• Melt half of the butter in skillet. Add chopped onions and cook over medium heat partially covered until tender and lightly colored, about 25 min. Transfer onions and butter to a large bowl.
  • Melt remaining butter in the same skillet. Add apple chunks and cook over high heat until lightly colored but not mushy. Transfer mixture to the bowl.
  • Crumble the sausage into the skillet and cook over medium heat stirring until lightly browned. With a slotted spoon, transfer sausage to mixing bowl. Reserve rendered fat.
  • Add remaining ingredients to the ingredients in the bowl and combine gently. Cool completely before stuffing the bird. Refrigerate if not used immediately.
  • If you do not wish to stuff the bird (goose or duck, for example, can make the stuffing greasy), spoon it into a casserole. Cover the casserole and set into a large pan. Pour hot water around the casserole to come halfway up the sides. Bake for 30-40 minutes at 325 degrees, basting occasionally with cooking juices from the bird or with the reserved rendered fat of the sausages.

Source: Silver Palate Cookbook

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Inside The Colorado Cider Company, Denver, Colorado July 2012

We arrived in Denver to celebrate the marriage of one of the son’s of my oldest and dearest childhood friends.  However, to  kick start the celebration,  we visited with Kathe and Brad Page, friends we met while living in Buenos Aires, Argentina where they opened a brew pub.  Their latest venture is The Colorado Cider Company, in Denver.  It is here that they brew and distribute hard apple cider.  Wait a minute… do you brew cider? Obviously my cider terminology is limited, but I did learn that the process of making cider is more like that of wine than beer.

Colorado Cider Company owners Kathe and Brad Page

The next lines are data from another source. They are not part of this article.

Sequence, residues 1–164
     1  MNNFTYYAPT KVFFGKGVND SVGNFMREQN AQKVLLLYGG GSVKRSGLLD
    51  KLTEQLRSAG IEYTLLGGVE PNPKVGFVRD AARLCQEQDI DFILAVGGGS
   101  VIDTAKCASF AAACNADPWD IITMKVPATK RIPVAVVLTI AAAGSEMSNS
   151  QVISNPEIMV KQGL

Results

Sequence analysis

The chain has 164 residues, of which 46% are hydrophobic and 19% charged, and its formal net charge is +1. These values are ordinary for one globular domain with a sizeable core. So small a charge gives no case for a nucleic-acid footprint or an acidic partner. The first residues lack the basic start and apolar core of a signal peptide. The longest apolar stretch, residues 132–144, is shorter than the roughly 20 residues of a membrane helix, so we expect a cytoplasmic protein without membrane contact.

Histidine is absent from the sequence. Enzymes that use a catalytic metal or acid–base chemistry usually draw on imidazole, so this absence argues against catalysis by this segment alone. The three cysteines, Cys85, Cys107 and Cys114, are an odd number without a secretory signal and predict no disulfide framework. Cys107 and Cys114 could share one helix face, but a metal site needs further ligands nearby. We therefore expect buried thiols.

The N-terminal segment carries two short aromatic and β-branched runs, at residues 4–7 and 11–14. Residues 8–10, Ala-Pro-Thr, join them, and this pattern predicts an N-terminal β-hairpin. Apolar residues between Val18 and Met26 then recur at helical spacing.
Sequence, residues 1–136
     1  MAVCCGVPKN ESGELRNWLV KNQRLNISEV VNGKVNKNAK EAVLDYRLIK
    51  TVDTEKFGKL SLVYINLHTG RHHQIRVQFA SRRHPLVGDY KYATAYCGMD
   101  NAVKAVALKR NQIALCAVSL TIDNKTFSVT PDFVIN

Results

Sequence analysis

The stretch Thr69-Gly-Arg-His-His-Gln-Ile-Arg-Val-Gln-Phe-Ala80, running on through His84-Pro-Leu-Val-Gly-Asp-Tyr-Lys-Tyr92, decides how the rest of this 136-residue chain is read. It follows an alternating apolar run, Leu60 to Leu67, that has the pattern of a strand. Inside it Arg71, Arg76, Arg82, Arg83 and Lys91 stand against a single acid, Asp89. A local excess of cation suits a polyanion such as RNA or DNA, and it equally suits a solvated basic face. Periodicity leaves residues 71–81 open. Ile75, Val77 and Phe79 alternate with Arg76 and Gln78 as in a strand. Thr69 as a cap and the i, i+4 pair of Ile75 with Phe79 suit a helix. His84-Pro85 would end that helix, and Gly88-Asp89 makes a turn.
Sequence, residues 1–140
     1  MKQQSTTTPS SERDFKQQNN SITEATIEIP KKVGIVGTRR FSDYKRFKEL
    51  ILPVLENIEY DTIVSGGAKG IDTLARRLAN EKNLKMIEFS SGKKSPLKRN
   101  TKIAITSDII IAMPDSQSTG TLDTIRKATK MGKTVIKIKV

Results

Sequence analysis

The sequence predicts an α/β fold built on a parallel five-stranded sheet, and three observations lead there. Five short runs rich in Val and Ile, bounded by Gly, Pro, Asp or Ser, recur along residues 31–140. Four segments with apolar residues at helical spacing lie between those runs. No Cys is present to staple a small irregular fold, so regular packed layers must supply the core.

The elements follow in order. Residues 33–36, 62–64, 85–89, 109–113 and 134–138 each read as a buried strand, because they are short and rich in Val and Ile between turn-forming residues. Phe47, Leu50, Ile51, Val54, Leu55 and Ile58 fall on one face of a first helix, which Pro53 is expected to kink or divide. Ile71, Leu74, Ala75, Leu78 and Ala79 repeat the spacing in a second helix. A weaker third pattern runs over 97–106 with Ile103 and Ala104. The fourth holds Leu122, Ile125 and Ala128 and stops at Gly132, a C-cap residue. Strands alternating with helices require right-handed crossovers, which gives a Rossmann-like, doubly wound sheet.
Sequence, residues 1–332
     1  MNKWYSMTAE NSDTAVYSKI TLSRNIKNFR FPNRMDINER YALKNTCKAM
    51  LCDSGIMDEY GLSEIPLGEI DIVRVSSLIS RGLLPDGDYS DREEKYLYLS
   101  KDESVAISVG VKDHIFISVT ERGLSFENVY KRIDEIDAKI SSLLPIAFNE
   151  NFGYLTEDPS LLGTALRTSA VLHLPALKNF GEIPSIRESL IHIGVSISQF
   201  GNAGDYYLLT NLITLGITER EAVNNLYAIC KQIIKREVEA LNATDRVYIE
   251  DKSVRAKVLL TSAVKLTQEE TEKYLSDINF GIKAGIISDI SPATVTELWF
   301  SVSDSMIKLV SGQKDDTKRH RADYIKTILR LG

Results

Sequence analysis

At any rate…we were fortunate to have a private cider tasting and  learned so much about apples and  cider.  YES hard cider it is fermented and alcoholic, NO hard cider is not sweet like hard lemonade!  While I’m not a big drinker, (though I have been known to overindulge on Champagne and/or  Bloody Mary’s…especially at brunch…a whole other story) I really enjoyed the sophisticated taste of these ciders!

Fun facts:

Patio/deck Colorado Cider Company

  • The first apple is believed to be originally from what is present day Kazakhstan.
  • Cider, called “Sidra” in Spain, “Sagardoa” in the Basque region, Cider in Britain and France or “Hard Cider” in the U.S.A., is a fermented apple juice and is popular the world over.

According to the friendly, knowledgeable owners, “The Colorado Cider Company is dedicated to reviving cider apples in Colorado and developing its cider to take advantage of all the wonderful flavors out there in the apple universe.”

The cider is made on site and then purchased by stores and restaurants through a distributor.  I promise you will fall in love with the ciders they have crafted.  I was especially drawn to their exotic names, artfully crafted labels, and their very poetic descriptors…

Glider Cider “crisp and tart”, Dry Glider Cider “has a whisper of juice added back, like a mist of vermouth over a fine martini”  Grasshop-Ah, “an ode to the botanical neighbors and flavors of our favorite grasses and flowers”, Ol’ Stumpy, “earthy flavor and the tannic mouth-feel that makes you think you’re sitting in an old orchard sipping history” and the newest Pom Mel, “300 pounds of Colorado Wildflower honey is in each batch and it’s infused with hints of lavender and rosemary to compliment the botanical origins.”

Cider on tap at Colorado Cider Company tasting room

All of the ciders are delicious and refreshing…of course I have a personal favorite but you will need to taste them all to decide on your very own.  It’s well worth checking out their tasting room, or you can find them at various wine and brewfests around the state.  Upcoming events are listed on their website.  You won’t be disappointed!

Colorado Cider Company
2650 West 2nd Avenue
Denver, Colorado 80219
Tastings:  Fri. 3:00 – 6:00  –  Sat. 2:30 – 6:30 – Sun. 1:00 – 5:00

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Pueblito Los Dominicos, Las Condes, Santiago, Chile 2012